As we know, pregnancy generally lasts around nine months. Unfortunately, this means that almost all expectant moms will be pregnant during cold and flu season. Although these illnesses are usually harmless, self-limited and treatable easily, it’s important to spot some of their early warning signs so you can start managing symptoms before they lead to full-blown illness.
Even more importantly, being pregnant puts you at a slightly increased risk of suffering from larger complications from upper respiratory illnesses, due to some particular changes in your physiology and breathing capacity. Fortunately, in many cases, treating these types of illnesses early on will result in a reduction of both the length and severity of the illness.
Upper Respiratory Illnesses
In general, upper respiratory illnesses (such as the common cold) have what healthcare providers refer to as “an insidious onset.” Patients often won’t be able to pinpoint exactly when they first began to feel ill with most of their symptoms. For example, they may say, “I started feeling a little tired on Tuesday. Then on Wednesday I started having a sore throat, and on Thursday I began coughing.”
Although most patients may not pay much attention to such detail, it’s important as it may help to distinguish between an upper respiratory infection and the flu (which tends to come on much more quickly).
Upper respiratory illnesses also usually share the following features: No fever is present (temperature is below 100.5 ° F), but there is a cough (frequently producing phlegm) and fatigue (although generally mild).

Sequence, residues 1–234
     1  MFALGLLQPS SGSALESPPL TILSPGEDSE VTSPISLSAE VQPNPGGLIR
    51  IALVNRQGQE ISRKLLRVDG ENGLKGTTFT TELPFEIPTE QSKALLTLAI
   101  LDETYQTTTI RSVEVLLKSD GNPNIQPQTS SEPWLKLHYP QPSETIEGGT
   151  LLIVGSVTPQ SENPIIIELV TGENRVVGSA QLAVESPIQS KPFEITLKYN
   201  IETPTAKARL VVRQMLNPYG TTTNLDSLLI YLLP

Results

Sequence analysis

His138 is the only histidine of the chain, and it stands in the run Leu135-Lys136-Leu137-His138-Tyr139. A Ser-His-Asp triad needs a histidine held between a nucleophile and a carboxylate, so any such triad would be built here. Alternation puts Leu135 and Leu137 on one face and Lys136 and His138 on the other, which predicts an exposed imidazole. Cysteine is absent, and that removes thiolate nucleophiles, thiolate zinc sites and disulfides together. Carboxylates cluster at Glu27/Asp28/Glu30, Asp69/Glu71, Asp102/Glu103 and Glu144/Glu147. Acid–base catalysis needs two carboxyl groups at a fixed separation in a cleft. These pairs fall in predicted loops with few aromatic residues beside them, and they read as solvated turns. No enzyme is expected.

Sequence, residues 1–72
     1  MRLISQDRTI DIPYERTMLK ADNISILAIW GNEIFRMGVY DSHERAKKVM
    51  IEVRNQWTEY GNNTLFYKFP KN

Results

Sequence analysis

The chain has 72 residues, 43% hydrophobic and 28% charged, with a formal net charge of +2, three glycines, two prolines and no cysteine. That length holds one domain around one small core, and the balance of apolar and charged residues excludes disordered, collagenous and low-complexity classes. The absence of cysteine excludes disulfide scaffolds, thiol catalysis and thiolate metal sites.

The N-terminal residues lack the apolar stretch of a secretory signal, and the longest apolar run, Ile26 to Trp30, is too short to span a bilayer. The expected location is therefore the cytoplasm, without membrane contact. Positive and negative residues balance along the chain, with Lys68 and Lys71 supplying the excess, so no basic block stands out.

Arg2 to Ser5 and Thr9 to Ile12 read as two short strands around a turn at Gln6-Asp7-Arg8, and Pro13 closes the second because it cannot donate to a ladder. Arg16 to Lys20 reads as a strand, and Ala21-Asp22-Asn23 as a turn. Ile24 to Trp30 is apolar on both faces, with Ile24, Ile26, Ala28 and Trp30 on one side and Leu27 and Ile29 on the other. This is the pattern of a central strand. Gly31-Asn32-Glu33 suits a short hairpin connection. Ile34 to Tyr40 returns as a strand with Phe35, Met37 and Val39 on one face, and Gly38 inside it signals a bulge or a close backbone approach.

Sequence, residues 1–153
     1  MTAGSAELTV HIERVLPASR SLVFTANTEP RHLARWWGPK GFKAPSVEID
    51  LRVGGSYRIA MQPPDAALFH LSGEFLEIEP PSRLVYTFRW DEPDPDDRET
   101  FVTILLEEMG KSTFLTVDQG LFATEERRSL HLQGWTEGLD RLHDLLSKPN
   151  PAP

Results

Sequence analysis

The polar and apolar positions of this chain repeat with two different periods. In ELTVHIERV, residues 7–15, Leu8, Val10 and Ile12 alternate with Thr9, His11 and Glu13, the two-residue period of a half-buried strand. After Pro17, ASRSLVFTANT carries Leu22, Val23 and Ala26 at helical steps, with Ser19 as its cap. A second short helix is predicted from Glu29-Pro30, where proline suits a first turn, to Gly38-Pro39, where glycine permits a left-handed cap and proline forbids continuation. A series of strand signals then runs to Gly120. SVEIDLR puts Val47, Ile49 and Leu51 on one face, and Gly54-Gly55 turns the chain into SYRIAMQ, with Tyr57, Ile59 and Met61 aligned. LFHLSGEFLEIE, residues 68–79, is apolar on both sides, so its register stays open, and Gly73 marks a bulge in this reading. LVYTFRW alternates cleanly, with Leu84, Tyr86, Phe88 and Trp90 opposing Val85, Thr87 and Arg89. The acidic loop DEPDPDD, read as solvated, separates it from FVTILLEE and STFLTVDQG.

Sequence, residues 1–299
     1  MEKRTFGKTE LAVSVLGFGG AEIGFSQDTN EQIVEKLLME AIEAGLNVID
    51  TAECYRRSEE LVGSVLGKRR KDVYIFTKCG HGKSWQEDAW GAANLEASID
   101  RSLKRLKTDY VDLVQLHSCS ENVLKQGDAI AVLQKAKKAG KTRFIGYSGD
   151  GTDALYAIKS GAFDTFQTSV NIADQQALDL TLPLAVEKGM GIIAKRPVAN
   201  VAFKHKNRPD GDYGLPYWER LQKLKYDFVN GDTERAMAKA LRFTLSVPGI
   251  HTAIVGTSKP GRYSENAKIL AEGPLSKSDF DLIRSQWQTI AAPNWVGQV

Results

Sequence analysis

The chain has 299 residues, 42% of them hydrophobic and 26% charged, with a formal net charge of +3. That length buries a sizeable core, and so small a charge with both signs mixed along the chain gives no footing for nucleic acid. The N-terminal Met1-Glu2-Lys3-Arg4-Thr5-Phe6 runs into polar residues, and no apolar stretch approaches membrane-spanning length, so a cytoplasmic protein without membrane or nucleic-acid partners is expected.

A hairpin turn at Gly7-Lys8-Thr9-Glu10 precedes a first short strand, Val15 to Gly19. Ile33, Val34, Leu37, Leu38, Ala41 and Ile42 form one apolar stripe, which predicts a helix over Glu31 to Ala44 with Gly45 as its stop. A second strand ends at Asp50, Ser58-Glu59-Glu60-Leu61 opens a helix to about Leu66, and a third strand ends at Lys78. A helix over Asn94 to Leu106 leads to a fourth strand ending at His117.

In general, most simple upper respiratory infections will improve on their own within about ten days. However, some unlucky patients will have a cough that tends to linger even after the illness has gone. This is especially common in those who have a history of asthma.
For symptoms that are particularly bothersome, there are some medications thought to be safer than others during pregnancy. Symptoms of upper respiratory illnesses and some of the medications that are safe for treating them — along with which to avoid — follow.
Note that if you are pregnant, it’s important to talk to your healthcare provider about any medications you take or wish to use during pregnancy.
• For runny nose/sneezing/throat pain: saline nasal irrigation or spray, aesthetic lozenges such as benzocaine, cromolyn sodium nasal spray.
• For fever: acetaminophen. Although not yet proven conclusively, it’s best to avoid NSAIDs such as ibuprofen during pregnancy unless otherwise directed by your provider.
• For a cough: Unfortunately, there is not enough evidence to show that any particular cough medicine is especially safe during pregnancy. Ones to avoid for certain would be those containing codeine.
• For congestion: decongestants — intranasal inhalers for patients with particularly bothersome symptoms only; avoid pseudoephedrine, as it can cause problems during pregnancy and in the baby after pregnancy. Avoid phenylephrine during pregnancy as well for the same reasons.
Unfortunately, the flu tends to cause bigger problems in women who are expecting than in those who are not pregnant. The increased severity is due, in part, to the changes that occur in a women’s body when she is pregnant. For this reason, it’s important to pay close attention to possible changes during flu season and to seek care immediately if you have any of the above symptoms.